Background: The beneficial effect of bariatric surgery (BS) in type 2 diabetes mellitus patients is well established. Conversely, little is known about the efficacy of BS in type 1 diabetes mellitus (T1DM) patients, despite the increasing prevalence of obesity in this population.
Methods: A retrospective review was carried out on a prospectively collected bariatric surgery registry of all patients undergoing BS at two university hospitals between 2010 and 2015. Patients with T1DM were identified, and detailed chart reviews were obtained.
Results: In this time period, we operated on thirteen patients with T1DM. Eight were female (61.5 %). Median age at time of surgery was 38 ± 8.3 (range 28-53) years. The procedures performed were laparoscopic sleeve gastrectomy (n = 10) and laparoscopic Roux-en-Y gastric bypass (n = 3). On median postoperative follow-up of 24 (range 2.5-51) months, mean body mass index significantly decreased from 39.9 ± 4.1 to 30.1 ± 3.9 kg/m2 (P < 0.0001) and insulin requirements were significantly reduced from 83.7 ± 40.4 to 45.7 ± 33.1 U/day (P < 0.01). However, there was no significant change in glycemic control assessed by HbA1C (P = 0.2). During the first months following surgery, three patients (21.4 %) experienced diabetic ketoacidosis, and four patients (28.6 %) reported more frequent episodes of hypoglycemia.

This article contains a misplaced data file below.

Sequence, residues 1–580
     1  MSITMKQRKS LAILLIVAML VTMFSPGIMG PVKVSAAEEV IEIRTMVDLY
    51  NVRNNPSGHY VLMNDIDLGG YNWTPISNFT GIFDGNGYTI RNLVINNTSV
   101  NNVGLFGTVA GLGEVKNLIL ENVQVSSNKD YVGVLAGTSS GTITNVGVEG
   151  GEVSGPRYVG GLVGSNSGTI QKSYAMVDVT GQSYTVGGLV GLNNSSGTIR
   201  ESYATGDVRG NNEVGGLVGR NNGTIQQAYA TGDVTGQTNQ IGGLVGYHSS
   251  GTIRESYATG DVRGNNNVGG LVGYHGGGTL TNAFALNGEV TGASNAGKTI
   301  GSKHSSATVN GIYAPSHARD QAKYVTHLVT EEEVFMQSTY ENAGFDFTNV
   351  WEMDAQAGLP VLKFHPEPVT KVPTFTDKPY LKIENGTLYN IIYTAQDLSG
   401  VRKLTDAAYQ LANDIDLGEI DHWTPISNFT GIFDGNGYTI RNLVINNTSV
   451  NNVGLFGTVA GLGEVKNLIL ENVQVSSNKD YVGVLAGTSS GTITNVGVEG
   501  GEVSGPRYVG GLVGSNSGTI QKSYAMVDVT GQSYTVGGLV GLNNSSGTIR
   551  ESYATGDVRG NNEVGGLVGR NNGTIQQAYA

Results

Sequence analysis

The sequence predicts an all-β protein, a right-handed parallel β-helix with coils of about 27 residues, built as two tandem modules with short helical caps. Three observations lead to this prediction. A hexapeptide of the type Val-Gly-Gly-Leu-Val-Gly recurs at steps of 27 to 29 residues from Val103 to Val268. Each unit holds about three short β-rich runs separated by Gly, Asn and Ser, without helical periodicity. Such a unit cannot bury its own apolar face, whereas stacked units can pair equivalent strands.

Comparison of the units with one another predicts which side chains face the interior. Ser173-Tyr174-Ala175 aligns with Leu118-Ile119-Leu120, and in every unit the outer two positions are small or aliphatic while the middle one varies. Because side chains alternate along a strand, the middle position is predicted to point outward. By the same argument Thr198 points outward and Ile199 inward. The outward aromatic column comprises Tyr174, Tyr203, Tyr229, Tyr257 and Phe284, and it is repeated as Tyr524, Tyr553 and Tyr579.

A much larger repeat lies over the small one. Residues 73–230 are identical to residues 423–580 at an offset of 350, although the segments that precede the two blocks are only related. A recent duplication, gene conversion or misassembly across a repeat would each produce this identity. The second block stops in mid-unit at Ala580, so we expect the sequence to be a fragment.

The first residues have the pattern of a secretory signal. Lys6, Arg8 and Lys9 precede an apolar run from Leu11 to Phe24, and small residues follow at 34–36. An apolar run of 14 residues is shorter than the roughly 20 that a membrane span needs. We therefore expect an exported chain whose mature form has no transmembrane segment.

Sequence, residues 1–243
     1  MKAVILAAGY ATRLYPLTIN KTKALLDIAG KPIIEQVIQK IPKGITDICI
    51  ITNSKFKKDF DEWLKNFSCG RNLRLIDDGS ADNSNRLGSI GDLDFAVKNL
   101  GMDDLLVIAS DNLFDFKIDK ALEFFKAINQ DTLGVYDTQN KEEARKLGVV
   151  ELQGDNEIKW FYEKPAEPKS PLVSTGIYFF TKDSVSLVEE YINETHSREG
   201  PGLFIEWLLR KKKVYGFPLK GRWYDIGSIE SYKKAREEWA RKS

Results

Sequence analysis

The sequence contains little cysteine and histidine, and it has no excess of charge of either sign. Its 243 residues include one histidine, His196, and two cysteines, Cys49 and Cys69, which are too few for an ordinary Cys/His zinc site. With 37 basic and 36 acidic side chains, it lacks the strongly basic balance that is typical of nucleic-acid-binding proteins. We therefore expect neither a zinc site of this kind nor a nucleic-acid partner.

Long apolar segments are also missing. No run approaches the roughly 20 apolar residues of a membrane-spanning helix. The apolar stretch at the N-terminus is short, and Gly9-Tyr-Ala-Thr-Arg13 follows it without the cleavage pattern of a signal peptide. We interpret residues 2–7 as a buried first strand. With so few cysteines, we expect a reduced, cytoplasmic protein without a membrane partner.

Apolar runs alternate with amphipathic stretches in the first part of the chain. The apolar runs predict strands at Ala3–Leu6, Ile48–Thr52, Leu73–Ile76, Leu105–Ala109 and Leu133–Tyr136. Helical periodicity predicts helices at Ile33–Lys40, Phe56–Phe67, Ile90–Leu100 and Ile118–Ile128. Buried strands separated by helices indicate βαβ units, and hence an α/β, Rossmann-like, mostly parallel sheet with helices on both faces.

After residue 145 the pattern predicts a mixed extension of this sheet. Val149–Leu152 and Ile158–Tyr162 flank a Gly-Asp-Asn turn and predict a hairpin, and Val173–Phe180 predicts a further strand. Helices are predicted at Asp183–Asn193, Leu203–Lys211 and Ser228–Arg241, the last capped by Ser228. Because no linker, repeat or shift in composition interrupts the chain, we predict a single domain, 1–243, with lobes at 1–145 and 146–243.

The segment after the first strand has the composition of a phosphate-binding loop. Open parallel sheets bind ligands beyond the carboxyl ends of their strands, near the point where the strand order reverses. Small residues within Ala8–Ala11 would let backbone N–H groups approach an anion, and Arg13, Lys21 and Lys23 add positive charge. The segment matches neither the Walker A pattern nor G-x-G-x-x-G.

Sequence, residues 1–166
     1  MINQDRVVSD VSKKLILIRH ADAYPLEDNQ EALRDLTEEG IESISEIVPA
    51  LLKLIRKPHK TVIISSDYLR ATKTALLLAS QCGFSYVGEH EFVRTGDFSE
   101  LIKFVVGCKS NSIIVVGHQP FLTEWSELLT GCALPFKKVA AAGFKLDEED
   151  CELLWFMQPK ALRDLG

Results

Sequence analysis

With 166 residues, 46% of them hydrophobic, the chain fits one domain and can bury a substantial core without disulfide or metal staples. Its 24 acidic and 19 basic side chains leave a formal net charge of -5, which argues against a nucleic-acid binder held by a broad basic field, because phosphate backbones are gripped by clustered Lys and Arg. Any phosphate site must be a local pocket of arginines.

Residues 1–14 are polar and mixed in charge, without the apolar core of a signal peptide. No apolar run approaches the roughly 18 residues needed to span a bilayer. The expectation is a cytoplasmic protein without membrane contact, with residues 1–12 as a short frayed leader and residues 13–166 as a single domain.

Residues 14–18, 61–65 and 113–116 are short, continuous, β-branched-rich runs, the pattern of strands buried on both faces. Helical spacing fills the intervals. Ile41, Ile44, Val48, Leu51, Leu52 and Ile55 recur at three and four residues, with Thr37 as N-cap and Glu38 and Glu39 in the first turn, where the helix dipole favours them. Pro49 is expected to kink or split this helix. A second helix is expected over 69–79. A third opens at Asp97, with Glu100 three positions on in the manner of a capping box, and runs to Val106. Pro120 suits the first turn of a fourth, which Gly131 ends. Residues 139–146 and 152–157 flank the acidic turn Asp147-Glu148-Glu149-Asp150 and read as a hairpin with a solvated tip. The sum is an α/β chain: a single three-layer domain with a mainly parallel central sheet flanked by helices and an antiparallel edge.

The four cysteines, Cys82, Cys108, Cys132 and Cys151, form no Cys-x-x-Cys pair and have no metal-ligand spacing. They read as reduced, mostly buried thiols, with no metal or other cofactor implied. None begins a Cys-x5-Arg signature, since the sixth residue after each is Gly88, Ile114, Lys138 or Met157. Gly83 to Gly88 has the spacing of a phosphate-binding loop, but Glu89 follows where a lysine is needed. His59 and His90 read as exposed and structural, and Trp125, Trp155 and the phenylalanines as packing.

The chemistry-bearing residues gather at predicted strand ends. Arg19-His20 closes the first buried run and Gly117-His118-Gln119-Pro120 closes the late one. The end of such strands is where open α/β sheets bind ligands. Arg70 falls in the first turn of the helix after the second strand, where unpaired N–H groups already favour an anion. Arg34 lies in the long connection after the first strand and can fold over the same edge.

Conclusions: Bariatric surgery in morbidly obese T1DM patients is an effective method for weight loss, leading to a remarkable improvement in insulin requirements. Larger prospective studies are still needed to confirm these findings, assess long-term effects of BS and better delineate its risk-to-benefit ratio in this growing population of morbidly obese patients with T1DM.
Keywords: Bariatric surgery; Glycemic control; Insulin requirements; Obesity; T1DM; Weight loss.